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Keeping kids in the safety net: malaria in older children

2 March 2014

Malaria is one of the toughest and deadliest diseases of all time. This potentially deadly, but preventable mosquito-borne parasitic disease caused an estimated 627,000 deaths worldwide in 2012, with approximately 77% occurring in children under the age of five. However, the actual number of deaths due to malaria may be even higher; a study by the Institute for Health Metrics and Evaluation shows nearly double the amount of malaria mortalities, especially in children aged 5-14 and adults.

Researchers at this institute attribute the missed malaria mortalities to the assumption that it is mainly under-fives who are killed by malaria. Because a malaria vaccine has not (yet) been realized, insecticide treated nets remain one of the most cost-effective and efficacious interventions in our armamentarium against malaria infections. These nets reduce malaria transmission by up to 70-90%. In recent decades, children under the age of five and pregnant women have been the focal point of malaria control campaigns due to their vulnerability to contracting malaria. This is why they are often the main recipients of mosquito nets. But it remains unclear what impact this has had on children aged 5-14 who were not the focus of malaria prevention campaigns but remain vulnerable to contracting the disease. []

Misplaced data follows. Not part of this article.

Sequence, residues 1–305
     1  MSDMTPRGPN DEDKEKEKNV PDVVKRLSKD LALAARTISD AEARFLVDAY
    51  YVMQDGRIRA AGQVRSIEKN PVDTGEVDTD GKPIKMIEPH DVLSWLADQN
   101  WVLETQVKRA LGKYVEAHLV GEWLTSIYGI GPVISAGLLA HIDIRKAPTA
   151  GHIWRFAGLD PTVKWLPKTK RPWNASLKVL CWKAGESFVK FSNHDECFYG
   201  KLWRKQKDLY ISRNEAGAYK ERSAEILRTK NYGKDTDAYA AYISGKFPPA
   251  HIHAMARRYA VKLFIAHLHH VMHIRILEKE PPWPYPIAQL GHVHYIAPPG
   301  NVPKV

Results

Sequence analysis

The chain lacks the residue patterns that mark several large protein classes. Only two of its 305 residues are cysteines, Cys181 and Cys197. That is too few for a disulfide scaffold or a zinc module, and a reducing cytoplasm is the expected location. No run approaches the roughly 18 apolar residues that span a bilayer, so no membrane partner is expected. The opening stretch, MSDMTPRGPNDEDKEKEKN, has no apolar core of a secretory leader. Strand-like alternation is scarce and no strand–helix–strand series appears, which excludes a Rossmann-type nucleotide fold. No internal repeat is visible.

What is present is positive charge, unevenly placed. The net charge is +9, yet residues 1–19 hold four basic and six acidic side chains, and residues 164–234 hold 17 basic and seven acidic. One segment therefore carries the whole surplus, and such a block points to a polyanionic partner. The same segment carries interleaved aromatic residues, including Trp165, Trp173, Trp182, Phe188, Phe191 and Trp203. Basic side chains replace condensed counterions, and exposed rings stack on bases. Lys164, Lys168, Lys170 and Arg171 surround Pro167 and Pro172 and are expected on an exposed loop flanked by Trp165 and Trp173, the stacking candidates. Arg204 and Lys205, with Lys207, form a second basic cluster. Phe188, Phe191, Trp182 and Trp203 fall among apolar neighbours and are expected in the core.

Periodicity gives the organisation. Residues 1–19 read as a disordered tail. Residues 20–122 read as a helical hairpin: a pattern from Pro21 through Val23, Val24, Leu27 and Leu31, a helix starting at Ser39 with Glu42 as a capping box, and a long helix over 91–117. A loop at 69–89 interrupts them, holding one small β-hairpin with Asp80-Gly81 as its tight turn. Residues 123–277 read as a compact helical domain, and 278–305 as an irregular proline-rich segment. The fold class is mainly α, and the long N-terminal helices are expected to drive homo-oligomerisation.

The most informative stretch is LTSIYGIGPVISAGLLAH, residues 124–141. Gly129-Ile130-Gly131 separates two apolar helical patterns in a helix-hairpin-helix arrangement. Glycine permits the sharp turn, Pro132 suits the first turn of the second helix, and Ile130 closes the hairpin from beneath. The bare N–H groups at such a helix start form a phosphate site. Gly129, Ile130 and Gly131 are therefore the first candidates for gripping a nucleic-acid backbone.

By Marianne Eelens

Read the full article here: DEMOTRENDS, March 2, 2014.

Source: DEMOTRENDS - Blog on demographic trends, research and resources

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